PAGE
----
As I escorted him to the elevator after an interview in 1998, Gordon Eubanks, then president and CEO of Symantec, made a casual observation that forever changed my perspective on open source software.
As I escorted him to the elevator after an interview in 1998, Gordon Eubanks, then president and CEO of Symantec, made a casual observation that forever changed my perspective on open source software. At a time when the worlds No. 2 computer security company realized almost all its revenue by protecting machines running Microsoft and IBM/Lotus Development platforms, Eubanks noted that open source was inherently easier to protect than proprietary software.
Using Linux as an example, he said, "Everybody can see whats under the hood, so were on equal footing with hackers. With proprietary systems, intruders often have illegal means of learning things about the underlying code that are superior to the legal information at our disposal even though we get excellent cooperation and support from Microsoft."
At the time, Symantec was only beginning to explore the Linux market, so Eubanks remarks registered as something of a personal epiphany for me. For the first time, I found myself entertaining the notion that open source might actually threaten Microsoft and Sun Microsystems. The fact that Linux was free didnt impress me, but here was a value proposition that money couldnt buy an increasingly stable operating system (OS) that was less prone to security vulnerabilities in the first place, because so many interested parties were examining it continuously, and that now seemed easier for developers to secure.
I recalled Eubanks remarks recently while perusing the program for the 2001 LinuxWorld Conference and Expo this week in San Francisco. Much has happened in the last three years to catapult Linux into the mainstream and make it a serious threat to Microsofts and Suns dominance of the server and enterprise markets.
The most crucial factor was IBMs imprimatur. Beginning with its modest packaging of Linux with its Netfinity server line three years ago and extending through this years "Peace, Love & Linux" campaign, Big Blue, more than any other company, has legitimized Linux by adding support services, system integration and development tools. The unveiling of Hewlett-Packards new high-security version of Linux last week further underscored the markets growing enthusiasm for the little OS that could.
In an informal poll taken earlier this year at the Crossroads conference in Phoenix, a slight majority of those in attendance all I-managers from either the IT or business sides of the aisle said they were already using open source software, mostly Linux, in some part of their enterprises. Whats more, the vast majority said they planned to either initiate use of open source or increase their current use within the next two years.
Clearly, Linux is no longer seen as an avant-garde tool in the enterprise market. But what of the desktop, where Microsofts dominance seems impregnable? Despite the best efforts of true believers to slap a respectable user interface on Linux, Im betting Microsoft has little to worry about here.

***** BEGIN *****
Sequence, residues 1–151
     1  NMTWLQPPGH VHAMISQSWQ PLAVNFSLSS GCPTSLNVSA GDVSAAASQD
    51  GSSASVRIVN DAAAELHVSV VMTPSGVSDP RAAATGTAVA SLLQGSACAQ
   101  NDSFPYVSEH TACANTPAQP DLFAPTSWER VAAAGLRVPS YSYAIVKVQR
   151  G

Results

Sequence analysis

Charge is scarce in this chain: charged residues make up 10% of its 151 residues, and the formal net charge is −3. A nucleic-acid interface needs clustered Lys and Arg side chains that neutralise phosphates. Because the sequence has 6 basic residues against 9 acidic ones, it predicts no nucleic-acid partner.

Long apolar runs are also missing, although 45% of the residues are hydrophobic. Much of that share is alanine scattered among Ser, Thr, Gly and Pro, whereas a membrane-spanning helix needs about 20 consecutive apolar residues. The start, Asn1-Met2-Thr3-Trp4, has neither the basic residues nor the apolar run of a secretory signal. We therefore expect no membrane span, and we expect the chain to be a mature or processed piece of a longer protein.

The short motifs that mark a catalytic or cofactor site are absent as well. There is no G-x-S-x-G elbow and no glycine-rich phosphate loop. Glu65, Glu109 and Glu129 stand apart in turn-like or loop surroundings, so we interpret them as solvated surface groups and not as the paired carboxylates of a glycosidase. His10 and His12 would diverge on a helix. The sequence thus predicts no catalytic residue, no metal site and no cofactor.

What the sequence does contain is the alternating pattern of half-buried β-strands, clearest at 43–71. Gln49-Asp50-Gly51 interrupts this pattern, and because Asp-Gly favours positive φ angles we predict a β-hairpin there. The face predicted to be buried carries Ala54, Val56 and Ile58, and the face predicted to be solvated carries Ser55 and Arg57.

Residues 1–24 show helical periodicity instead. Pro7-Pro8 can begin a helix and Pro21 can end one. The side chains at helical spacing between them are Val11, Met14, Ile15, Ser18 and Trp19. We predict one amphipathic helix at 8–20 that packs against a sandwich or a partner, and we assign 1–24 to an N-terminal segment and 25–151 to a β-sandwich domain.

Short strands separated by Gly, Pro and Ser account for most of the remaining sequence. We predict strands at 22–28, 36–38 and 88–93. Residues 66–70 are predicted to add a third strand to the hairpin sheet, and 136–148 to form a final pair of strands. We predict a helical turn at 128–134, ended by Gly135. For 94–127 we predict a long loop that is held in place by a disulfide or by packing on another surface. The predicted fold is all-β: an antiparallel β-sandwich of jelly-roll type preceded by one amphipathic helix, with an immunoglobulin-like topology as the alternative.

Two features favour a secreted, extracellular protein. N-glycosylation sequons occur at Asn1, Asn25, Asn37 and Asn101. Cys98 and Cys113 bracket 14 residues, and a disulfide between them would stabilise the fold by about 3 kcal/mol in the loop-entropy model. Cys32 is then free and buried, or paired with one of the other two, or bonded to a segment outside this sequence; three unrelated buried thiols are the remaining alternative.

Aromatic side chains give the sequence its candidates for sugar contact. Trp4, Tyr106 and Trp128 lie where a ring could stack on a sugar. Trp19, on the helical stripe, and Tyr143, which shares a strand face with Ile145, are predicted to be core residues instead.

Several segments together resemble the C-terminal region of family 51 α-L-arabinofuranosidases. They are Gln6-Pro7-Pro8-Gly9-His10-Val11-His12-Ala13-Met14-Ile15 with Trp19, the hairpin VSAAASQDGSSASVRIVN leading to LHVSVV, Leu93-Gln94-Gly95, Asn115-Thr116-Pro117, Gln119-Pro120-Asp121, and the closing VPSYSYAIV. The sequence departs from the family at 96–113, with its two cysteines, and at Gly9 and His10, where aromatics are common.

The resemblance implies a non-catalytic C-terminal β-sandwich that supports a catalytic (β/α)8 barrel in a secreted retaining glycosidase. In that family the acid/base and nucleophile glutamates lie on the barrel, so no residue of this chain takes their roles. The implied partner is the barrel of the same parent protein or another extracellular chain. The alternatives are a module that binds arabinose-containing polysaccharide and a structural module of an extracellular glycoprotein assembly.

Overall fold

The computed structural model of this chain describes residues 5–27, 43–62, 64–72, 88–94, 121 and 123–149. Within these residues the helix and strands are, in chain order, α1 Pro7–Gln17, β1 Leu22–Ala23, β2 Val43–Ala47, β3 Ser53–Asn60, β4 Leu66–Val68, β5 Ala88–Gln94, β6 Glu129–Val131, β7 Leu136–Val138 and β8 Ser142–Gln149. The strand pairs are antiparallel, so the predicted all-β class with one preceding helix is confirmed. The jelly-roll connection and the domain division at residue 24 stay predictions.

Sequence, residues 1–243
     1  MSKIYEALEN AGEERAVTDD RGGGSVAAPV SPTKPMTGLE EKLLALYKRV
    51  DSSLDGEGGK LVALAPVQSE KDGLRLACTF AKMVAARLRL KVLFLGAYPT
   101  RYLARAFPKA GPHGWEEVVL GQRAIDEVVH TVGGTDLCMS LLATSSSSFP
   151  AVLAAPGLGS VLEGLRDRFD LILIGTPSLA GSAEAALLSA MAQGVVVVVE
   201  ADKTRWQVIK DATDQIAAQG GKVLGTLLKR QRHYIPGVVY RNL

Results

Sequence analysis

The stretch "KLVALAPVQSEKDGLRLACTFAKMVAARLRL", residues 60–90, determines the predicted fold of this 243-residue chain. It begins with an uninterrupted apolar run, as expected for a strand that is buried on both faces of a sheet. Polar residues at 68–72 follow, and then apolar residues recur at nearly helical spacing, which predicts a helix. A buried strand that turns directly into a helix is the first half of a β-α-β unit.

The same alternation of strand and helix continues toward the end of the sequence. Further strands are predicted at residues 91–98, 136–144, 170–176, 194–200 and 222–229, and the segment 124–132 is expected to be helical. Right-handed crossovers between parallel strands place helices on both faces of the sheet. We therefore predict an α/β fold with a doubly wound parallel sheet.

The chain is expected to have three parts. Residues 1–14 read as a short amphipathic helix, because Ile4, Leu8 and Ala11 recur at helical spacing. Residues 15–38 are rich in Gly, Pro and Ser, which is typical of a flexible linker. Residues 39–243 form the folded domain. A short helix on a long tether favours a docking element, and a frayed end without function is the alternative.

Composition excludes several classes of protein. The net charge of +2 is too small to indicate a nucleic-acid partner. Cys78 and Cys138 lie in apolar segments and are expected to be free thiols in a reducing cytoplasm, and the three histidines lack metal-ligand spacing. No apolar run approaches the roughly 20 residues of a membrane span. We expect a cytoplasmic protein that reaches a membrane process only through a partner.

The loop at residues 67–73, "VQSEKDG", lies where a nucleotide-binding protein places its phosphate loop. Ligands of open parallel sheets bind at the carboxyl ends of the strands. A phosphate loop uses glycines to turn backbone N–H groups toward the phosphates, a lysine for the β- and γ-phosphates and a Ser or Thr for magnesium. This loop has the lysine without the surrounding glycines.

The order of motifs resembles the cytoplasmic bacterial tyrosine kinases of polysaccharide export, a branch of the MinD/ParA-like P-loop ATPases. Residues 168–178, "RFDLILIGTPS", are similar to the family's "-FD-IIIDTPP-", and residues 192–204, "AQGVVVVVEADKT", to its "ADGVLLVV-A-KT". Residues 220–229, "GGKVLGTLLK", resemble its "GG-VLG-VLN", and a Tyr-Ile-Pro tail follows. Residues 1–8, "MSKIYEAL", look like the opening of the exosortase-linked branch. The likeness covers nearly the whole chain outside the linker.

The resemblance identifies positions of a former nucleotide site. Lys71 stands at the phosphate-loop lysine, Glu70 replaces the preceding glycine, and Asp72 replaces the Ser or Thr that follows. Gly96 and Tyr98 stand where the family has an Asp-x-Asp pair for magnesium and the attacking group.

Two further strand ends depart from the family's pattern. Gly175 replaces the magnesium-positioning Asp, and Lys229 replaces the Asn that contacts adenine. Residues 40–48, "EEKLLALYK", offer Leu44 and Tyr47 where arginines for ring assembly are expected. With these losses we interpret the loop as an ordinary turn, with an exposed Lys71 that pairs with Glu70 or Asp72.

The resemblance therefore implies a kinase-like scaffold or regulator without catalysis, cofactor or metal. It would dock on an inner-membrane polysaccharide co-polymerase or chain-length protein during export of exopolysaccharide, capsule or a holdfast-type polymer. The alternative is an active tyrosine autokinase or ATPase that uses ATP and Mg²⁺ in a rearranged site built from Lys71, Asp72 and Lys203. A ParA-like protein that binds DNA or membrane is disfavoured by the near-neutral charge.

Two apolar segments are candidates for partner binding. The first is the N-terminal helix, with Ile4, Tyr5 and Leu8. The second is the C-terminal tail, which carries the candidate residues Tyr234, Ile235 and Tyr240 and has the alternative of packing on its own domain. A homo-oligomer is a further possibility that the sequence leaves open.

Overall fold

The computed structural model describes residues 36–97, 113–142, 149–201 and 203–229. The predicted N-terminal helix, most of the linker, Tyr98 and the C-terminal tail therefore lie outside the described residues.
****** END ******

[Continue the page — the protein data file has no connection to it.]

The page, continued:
Today, for example, Symantecs enterprise solutions all seem to come in Linux versions, in addition to Windows NT/2000 and Sun Solaris versions. And just last week, Craig Ozancin, Symantecs senior security analyst, spoke at the HP World 2001 Conference on "Hacking Linux and How to Stop It." Yet Symantec still does not produce a version of its No. 1 consumer product, Norton AntiVirus, for Linux.
Even so, Microsoft has a very narrow window of opportunity to shore up its defenses on both the server and client sides of the market. Since it will always be the target of attacks by worm-designing hackers most of whom love Linux as much as they hate Microsoft the Windows development team must mount an all-out effort to make its products bulletproof by aggressively exterminating lingering vulnerabilities and opening more of Windows source code to developers.
For its part, Sun is going to have to either embrace Linux as an independent OS or offer seamless Linux interoperability in Solaris. As counterintuitive as all this might have seemed three years ago, today it is Linux that sets market standards in everything from security to licensing.
Rob joined Interactive Week from The New York Times, where he was the paper's technology news editor. Rob also was the founding editor of CyberTimes, The New York Times' technology news site on the Web. Under his guidance, the section grew from a one-man operation to an award-winning, full-time venture.
His earlier New York Times assignments were as national weekend editor, national backfield editor and national desk copy editor. Before joining The New York Times in 1992, Rob held key editorial positions at the Dallas Times Herald and The Madison (Wisc.) Capital Times.
A highly regarded technology journalist, he recently was appointed to the University of Wisconsin School of Journalism's board of visitors. Rob lectures yearly on new media at Columbia University's School of Journalism, and has made presentations at the Massachusetts Institute of Technology's Media Lab and Princeton University's New Technologies Symposium.
In addition to overseeing all of Interactive Week's print and online coverage of interactive business and technology, his responsibilities include development of new sections and design elements to ensure that Interactive Week's coverage and presentation are at the forefront of a fast-paced and fast-changing industry.